Adam and Me: Are Robots Robotic?



by Christina Preston

I might just be an identifiable algorithm to the retail industry but I am responding to their messages like a sentient human being. Last week Marks and Spencer told me they have denims specially chosen for me. How kind I thought. How did they know I need new jeans?

Again, as a valued customer, the Museum Selection catalogue distributors have been very thoughtful in offering me a £10 voucher on my next Xmas purchases. Yes, I thought, I will get another jigsaw for my daughter-in-law from them although last year Van Gogh’s Starry Night completely defeated her.

‘We are missing you,’ said Iceland supermarkets on my email, ‘You have not been in for some time’ they complained. It’s true, I thought, because I am buying my fake Slimming World style ready meals from Aldi, because they are cheaper. I felt very guilty.

Why am I feeling guilty? No human hand composed these emails. My pattern of behaviour has been predicted by some male techie ordered to design software that will increase profits for the retailer. There is much concern, indeed, that the more algorithms control our lives the more we will be constrained by predilections of the male techies behind the pattern recognition. About 2% to these programmers are women!

Whereas, ultimately, I hope I can spot when I am being coerced into buying online by an algorithm it is not so easy to see when I am being persuaded to vote in a particular way by the same method. The reason is that those of us who are sent persuasive messages that fit in with what we think anyway are tempted to multiply the impact by sending to ‘friends’. I have indeed passed on photos of the chamber showing poor attendance of MPs in EU debates but overflowing in debates about raising their pay. I was mortified to find the photos were not true.

However, many of us Remainers are convinced that the referendum result was skewed by effective use of social media fake. Dominic Cummings, the paid architect of the Vote Leave campaign, boosts of sending out more than one billion online advertisements for Brexit under the radar. An algorithm targeted potential Brexit voter on Facebook who did not normally vote. Hats off to Cummings that he was alone in 2017 in knowing how to do this. The Remain campaign, hopelessly lacklustre, was still knocking on doors and distributing leaflets. Nevertheless, it will not be so easy to persuade this way next time as all the political parties are now investing in the same strategies. These online activities are also very difficult to cost – so not counted into permitted election expenses. And do we know what the Russians are up to in cyberspace, or why?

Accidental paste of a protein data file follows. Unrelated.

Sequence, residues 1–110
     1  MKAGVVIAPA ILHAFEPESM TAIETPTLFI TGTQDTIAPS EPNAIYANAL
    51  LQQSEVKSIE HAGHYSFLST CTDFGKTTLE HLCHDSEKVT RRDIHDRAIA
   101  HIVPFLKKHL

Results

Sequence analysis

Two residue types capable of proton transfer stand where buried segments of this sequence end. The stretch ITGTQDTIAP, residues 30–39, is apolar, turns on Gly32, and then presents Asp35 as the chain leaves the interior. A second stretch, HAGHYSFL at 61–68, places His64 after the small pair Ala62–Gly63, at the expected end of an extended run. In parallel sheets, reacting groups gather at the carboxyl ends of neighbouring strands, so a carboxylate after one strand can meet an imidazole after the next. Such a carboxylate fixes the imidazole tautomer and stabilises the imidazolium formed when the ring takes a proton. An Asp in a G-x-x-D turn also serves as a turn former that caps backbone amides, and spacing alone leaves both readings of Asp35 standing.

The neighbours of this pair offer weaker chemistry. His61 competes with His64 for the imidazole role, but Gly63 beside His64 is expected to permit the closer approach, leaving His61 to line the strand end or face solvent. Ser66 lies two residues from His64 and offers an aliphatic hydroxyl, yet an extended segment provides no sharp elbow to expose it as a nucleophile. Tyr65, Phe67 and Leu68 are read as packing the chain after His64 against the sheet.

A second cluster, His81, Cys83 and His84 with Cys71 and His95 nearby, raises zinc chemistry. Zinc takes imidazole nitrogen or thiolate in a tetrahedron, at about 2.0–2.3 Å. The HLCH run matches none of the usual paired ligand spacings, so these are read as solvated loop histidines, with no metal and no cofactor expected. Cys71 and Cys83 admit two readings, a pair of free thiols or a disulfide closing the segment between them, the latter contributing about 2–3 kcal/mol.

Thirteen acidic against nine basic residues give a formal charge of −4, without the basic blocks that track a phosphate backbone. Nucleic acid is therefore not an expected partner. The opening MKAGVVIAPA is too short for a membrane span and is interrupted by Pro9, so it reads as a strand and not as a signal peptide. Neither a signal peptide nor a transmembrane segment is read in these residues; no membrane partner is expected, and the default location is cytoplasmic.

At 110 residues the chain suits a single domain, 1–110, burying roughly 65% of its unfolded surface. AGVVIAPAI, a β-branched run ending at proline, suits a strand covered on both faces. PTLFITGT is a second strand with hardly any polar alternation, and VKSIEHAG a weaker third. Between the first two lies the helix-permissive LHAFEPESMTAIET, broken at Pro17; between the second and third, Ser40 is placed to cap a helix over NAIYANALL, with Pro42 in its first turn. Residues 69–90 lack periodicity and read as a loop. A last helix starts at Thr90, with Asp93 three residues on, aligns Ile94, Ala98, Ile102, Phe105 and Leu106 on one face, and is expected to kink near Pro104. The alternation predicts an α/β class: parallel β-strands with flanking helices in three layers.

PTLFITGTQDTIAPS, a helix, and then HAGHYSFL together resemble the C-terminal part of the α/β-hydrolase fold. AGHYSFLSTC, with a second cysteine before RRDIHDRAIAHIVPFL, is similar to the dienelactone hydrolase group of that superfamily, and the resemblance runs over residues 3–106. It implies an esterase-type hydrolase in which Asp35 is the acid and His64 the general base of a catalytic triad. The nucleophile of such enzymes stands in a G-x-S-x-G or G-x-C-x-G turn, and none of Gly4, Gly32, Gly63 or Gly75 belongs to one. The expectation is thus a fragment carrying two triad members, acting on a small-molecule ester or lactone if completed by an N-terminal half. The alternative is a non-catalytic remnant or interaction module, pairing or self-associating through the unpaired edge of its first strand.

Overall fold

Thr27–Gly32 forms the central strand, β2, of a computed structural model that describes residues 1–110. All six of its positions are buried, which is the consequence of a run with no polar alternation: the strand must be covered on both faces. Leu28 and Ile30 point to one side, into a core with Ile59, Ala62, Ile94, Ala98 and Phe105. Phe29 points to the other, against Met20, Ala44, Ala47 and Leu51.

How clever can the creators of these strategies become, will sophisticated algorithms learn from each other getting cleverer than their makers? On the radio today they were talking about the sophistication of robots designed not only to help the aged but also to be their companions and reduce loneliness. The hardware is lagging behind the software at the moment but the reporter showed concern that it would be very wrong if robots took the role of humans. ‘Yes, true’ said the techie, ‘but in the UK we are now 330,000 care workers short. It is not a case of replacing the human being but a case of trying to find ways of supporting the growing number of the elderly. This robot will now cost about £20,000 – about the same as a care worker costs per year if they are lucky but, basically, the robot parts will be replaceable over many years like a car, and it will never tire as long as there is a socket to plug into. In the face of a situation where no human help is available this alternative begins to look attractive!

Sometimes fiction can help us to understand the real issues in a situation like this. I have gained new insights from Ian McEwan’s recent novel, Machines like Me, in which the narrator buys an amazingly lifelike robots at £68,000 in the 1970s. Adam, as he is called, makes oodles of money on the stock market for his owner, a poor dealer himself, and becomes financially indispensable.

But Adam gets to know too much about the decisions the owner and his wife have taken to ensure that a rapist is jailed but for a rape he did not commit in order to pay him back for a rape he did commit but was not found out. Adam took a moral view and shopped them to the police ruining their chances of adopting a needy child. Adam’s stance is text book legality but he fails to compute the nuances of morality. is he right or wrong? Should humans make excuses in the face of logic?

So who will be running the world 2020? Are we being led into a world of robotic draconian morality or the support for human nuanced decisions. But robots are designed by humans. Are we in danger of being entrapped by the best coders who think logically to a fault? Black and white or grey? We have some decisions to make.